And so life-threatening storm surge, the concern in this area 15 to 20 feet. Where I'm standing that would mean would be underwater. Preparations underway. You mentioned more than a million people expected to evacuate right here on Carolina Beach, one of those barrier islands protecting the city of Wilmington. They want everybody out by 8:00 tomorrow. That's when they expect that tropical storm force winds to be in this area. Local officials saying if you stay here that means you are doing so at your own risk. You'll be on your own. John and Alisyn?

[08:05:00] BERMAN: All right, Kaylee Hartung. Kaylee, thank you very much. Joining me is Ken Graham, the director of the National Hurricane Center. Director, thank you for being with us. We just heard from our EMANUEL: Chad Myers, but what more can you tell us about the size, the direction and the timing of this storm?

KEN GRAHAM, DIRECTOR, NATIONAL HURRICANE CENTER: Well, I think one of the big factors is that we're just not talking about impacts inside the cone. We just always got to remind people inside the cone is where we could see the center of this system. And look at what happens inland. It could be anywhere in these areas. But I think one of the big factors we have to look at. We take these forecast points. The closer these lines are together, that means this thing is slowing down. And when we slow down like that over land, that's going to compound our issues with storm surge and also the heavy rain. So water is going to be a huge story in addition to incredible windfall at the landfall. A lot of winds. A lot of trees down and power outages.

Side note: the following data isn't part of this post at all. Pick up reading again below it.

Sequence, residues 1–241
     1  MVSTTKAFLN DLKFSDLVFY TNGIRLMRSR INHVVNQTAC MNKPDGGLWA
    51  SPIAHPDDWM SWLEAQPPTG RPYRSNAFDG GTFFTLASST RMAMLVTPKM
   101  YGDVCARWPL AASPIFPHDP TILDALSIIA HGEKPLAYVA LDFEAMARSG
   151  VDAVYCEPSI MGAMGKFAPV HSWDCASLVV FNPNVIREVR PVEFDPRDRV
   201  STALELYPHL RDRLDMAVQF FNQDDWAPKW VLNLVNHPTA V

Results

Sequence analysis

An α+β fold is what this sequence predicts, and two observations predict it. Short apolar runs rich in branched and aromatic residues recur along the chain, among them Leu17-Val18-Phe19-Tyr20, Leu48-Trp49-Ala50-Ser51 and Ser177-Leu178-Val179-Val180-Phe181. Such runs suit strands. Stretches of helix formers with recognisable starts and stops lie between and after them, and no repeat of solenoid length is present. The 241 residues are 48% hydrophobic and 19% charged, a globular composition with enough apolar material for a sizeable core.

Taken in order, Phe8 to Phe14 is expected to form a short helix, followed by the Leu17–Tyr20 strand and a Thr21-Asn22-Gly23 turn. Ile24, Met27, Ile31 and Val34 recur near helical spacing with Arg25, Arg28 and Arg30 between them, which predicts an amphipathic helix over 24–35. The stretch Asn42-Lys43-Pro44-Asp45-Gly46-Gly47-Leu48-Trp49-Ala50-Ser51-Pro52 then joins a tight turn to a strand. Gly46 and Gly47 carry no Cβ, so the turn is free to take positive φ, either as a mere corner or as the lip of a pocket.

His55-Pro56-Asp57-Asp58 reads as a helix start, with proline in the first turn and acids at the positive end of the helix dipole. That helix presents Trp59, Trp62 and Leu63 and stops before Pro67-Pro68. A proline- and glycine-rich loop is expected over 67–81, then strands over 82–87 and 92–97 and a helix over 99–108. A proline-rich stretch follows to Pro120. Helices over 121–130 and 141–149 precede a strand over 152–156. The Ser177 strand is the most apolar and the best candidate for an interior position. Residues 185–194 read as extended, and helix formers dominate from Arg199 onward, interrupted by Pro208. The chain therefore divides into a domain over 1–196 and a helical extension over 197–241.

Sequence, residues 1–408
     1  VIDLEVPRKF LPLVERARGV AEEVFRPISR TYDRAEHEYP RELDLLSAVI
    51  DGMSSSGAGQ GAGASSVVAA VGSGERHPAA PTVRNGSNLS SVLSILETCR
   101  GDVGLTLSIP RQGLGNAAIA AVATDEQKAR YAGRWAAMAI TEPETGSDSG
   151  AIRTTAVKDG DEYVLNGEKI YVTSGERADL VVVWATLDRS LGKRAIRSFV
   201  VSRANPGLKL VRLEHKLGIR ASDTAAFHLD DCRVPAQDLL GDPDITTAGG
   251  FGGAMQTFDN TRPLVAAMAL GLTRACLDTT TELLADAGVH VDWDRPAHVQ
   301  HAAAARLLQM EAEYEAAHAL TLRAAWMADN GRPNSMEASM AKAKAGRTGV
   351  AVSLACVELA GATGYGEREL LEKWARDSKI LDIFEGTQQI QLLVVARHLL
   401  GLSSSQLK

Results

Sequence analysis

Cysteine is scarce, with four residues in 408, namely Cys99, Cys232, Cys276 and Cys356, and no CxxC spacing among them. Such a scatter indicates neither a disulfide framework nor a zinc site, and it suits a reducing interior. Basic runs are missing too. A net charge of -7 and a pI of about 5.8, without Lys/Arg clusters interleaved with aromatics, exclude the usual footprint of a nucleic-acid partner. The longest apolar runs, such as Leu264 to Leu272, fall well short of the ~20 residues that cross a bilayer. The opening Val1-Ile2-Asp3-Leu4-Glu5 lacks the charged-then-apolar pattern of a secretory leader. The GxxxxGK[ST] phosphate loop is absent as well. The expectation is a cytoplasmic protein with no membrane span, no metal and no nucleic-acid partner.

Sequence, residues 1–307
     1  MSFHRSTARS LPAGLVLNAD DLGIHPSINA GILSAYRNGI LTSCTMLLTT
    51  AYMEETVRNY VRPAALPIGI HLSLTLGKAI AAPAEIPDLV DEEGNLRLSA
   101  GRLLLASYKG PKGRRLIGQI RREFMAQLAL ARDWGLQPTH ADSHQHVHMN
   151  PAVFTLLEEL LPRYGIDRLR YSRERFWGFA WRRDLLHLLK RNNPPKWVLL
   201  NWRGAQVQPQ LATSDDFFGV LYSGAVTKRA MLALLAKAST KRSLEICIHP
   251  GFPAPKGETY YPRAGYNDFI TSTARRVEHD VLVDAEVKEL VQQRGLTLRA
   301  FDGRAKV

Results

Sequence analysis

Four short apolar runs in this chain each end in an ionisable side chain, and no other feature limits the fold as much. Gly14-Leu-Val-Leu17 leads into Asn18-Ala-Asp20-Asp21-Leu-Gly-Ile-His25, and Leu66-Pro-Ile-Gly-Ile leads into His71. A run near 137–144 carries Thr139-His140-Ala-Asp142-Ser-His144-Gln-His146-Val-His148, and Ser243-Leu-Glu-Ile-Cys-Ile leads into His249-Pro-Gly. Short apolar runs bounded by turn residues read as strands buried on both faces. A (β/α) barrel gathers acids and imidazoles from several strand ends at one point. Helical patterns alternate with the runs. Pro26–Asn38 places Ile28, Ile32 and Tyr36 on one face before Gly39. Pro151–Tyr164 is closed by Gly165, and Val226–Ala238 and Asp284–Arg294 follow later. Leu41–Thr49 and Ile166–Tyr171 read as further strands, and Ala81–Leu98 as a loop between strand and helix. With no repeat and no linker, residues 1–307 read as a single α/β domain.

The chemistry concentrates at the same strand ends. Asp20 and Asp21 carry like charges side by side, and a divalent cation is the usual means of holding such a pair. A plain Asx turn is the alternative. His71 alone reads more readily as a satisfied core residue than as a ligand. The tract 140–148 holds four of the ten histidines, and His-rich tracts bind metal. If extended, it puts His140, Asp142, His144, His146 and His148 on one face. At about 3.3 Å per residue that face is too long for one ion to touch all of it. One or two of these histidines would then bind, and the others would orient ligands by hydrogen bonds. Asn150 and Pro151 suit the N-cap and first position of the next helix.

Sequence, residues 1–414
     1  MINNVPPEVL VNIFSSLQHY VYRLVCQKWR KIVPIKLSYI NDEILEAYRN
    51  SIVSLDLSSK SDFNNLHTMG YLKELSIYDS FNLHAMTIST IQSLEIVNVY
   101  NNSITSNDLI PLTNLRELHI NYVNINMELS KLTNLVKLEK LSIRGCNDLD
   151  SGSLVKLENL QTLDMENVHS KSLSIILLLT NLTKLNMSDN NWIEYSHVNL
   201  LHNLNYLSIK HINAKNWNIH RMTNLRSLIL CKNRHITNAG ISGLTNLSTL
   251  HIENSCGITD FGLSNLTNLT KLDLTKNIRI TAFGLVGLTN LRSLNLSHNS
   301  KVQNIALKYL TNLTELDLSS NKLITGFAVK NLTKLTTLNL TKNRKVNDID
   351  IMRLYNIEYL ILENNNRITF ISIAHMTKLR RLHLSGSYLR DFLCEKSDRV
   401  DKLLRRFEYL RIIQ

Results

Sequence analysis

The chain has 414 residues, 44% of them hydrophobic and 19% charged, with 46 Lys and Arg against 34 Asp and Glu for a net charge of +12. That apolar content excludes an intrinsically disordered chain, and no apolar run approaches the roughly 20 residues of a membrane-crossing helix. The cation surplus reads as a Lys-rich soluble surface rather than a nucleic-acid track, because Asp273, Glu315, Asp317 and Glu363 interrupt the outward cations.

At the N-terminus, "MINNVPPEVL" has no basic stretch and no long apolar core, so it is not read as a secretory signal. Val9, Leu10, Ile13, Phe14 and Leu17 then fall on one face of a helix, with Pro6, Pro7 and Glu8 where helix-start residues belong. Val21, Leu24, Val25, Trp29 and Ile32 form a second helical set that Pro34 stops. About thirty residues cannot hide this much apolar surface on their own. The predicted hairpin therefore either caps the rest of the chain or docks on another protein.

BERMAN: Talk to me about the storm surge. How much are we talking, and do you have a sense of where?

GRAHAM: We're really looking at it here. We can kind of zoom in. We can zoom in like this, but I think it's really important if I go ahead and show a situation like this where we have a whole storm surge watch. Anywhere in these areas here can see greater than three foot. And this is an important point with the storm surge. When I go to this map, it is not just a coastal issue all the time. You have the barrier islands where you can get these big storm surge values. But here is where it also causes problems. We're really concerned about some of these areas where the water filters in and then where it piles up, where it can't go anywhere, you could get 10 to 12 foot of storm surge. That's just life-threatening. It's very dangerous.

BERMAN: And then they rain. We keep hearing two feet, 20 to 30 inches of rain. How many days? And, again, do you have a sense of where? GRAHAM: We're really looking at that. It is an incredible amount of